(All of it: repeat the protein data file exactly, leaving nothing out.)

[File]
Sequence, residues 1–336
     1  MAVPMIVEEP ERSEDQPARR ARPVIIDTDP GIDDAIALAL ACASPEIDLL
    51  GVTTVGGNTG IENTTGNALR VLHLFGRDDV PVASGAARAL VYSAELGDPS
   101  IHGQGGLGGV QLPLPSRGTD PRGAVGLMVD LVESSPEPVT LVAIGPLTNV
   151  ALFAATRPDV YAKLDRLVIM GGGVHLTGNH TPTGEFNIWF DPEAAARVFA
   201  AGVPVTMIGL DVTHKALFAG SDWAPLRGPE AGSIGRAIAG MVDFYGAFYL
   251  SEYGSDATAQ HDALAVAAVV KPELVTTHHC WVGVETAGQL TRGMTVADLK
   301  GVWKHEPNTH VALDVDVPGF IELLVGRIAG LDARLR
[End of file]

Sequence, residues 1–336
     1  MAVPMIVEEP ERSEDQPARR ARPVIIDTDP GIDDAIALAL ACASPEIDLL
    51  GVTTVGGNTG IENTTGNALR VLHLFGRDDV PVASGAARAL VYSAELGDPS
   101  IHGQGGLGGV QLPLPSRGTD PRGAVGLMVD LVESSPEPVT LVAIGPLTNV
   151  ALFAATRPDV YAKLDRLVIM GGGVHLTGNH TPTGEFNIWF DPEAAARVFA
   201  AGVPVTMIGL DVTHKALFAG SDWAPLRGPE AGSIGRAIAG MVDFYGAFYL
   251  SEYGSDATAQ HDALAVAAVV KPELVTTHHC WVGVETAGQL TRGMTVADLK
   301  GVWKHEPNTH VALDVDVPGF IELLVGRIAG LDARLR